Sensors 11 06165f11 1024
Figure 12. (a) Pixels remaining after applying the green condition. (b) After applying the second condition.
Figure 12. (a) Pixels remaining after applying the green condition. (b) After applying the second condition.
Sensors 11 06165f12 1024
Figure 13. Variability of several images in function of the leaf size.
Figure 13. Variability of several images in function of the leaf size.
Sensors 11 06165f13 1024
Figure 14. Image of Figure 12(b) after morphological operations with a squared structuring. (a) After the closing operation. (b) After the opening operation.
Figure 14. Image of Figure 12(b) after morphological operations with a squared structuring. (a) After the closing operation. (b) After the opening operation.
Sensors 11 06165f14 1024
Figure 15. Number of brown leaves (NBL), for different images, estimated with our algorithm (solid line) and hand-marked (dashed line) for comparison. Images are sorted by the leaf size, also showed (dash-dotted line).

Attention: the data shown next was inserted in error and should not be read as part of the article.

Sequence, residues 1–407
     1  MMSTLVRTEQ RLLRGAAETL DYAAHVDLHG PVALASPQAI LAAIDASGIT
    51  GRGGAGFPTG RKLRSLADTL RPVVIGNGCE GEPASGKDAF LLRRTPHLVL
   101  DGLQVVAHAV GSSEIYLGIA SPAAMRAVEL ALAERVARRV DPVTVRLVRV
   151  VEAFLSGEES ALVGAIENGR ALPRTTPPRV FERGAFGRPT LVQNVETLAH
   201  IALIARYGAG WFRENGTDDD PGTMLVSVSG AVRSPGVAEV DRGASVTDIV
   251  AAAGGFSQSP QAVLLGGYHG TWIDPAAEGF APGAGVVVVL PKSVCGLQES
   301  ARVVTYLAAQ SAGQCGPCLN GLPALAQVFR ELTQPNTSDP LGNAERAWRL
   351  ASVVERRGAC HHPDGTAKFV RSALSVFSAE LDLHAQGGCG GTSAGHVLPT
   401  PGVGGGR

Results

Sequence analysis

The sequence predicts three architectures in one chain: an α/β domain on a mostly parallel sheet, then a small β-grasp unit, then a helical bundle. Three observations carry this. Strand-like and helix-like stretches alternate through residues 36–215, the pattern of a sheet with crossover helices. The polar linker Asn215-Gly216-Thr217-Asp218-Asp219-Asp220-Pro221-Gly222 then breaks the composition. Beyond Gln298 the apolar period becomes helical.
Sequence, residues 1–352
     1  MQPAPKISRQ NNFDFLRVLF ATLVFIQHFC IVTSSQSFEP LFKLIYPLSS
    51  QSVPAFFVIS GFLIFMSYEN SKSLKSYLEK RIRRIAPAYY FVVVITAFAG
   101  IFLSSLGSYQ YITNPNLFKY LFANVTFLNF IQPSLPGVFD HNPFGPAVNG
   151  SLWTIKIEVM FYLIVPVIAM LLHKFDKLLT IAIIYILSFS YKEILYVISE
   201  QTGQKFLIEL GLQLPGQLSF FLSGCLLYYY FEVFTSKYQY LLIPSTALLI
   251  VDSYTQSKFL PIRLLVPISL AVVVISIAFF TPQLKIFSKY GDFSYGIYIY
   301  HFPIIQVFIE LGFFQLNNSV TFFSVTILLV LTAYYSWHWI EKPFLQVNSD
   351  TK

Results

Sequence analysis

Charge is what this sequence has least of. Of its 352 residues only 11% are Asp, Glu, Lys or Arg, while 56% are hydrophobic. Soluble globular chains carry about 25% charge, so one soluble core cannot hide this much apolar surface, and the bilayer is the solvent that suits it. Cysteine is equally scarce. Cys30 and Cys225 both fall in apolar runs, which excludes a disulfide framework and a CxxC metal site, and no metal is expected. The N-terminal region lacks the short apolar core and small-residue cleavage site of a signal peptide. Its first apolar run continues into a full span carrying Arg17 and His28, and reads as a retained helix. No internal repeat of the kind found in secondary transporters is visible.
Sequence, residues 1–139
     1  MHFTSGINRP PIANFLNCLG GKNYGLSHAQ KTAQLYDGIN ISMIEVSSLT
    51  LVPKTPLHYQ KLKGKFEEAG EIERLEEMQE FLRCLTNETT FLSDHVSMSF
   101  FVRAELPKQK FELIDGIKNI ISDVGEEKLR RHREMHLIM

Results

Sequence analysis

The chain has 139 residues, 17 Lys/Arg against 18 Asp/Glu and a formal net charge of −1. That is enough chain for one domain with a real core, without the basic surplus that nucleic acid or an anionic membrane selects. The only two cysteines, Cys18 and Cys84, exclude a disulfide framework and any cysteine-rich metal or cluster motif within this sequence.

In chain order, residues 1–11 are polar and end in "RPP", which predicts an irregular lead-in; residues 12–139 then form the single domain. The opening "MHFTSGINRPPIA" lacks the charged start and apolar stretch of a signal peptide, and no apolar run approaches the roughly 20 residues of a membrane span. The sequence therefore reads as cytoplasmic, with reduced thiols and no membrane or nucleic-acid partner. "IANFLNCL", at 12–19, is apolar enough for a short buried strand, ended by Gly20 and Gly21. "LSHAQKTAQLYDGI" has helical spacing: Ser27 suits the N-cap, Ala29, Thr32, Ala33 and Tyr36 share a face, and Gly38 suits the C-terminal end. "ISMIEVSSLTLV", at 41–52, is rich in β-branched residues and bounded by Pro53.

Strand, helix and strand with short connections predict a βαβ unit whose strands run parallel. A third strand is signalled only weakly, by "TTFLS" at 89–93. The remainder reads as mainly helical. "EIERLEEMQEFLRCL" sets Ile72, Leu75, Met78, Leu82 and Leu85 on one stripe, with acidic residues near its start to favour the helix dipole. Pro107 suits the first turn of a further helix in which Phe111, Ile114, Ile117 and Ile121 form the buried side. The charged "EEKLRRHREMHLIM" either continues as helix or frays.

Figure 15. Number of brown leaves (NBL), for different images, estimated with our algorithm (solid line) and hand-marked (dashed line) for comparison. Images are sorted by the leaf size, also showed (dash-dotted line).
Sensors 11 06165f15 1024
Figure 16. Error in the estimated NBL compared with the leaf size.
Figure 16. Error in the estimated NBL compared with the leaf size.
Sensors 11 06165f16 1024
Figure 17. Four examples of detections in images taken from different distances. In each case, we show the original image in the first column, the final detection mask obtained in the second, and the masked image in the third. (a) An example of an image with large leaves. (b) and (c) Examples of medium leaf size. (d) Example of small leaf size.
Figure 17. Four examples of detections in images taken from different distances. In each case, we show the original image in the first column, the final detection mask obtained in the second, and the masked image in the third. (a) An example of an image with large leaves. (b) and (c) Examples of medium leaf size. (d) Example of small leaf size.
Sensors 11 06165f17 1024
Figure 18. Bytes comparison when there is 4 Mbps video stream, 512 kbps video stream and our system.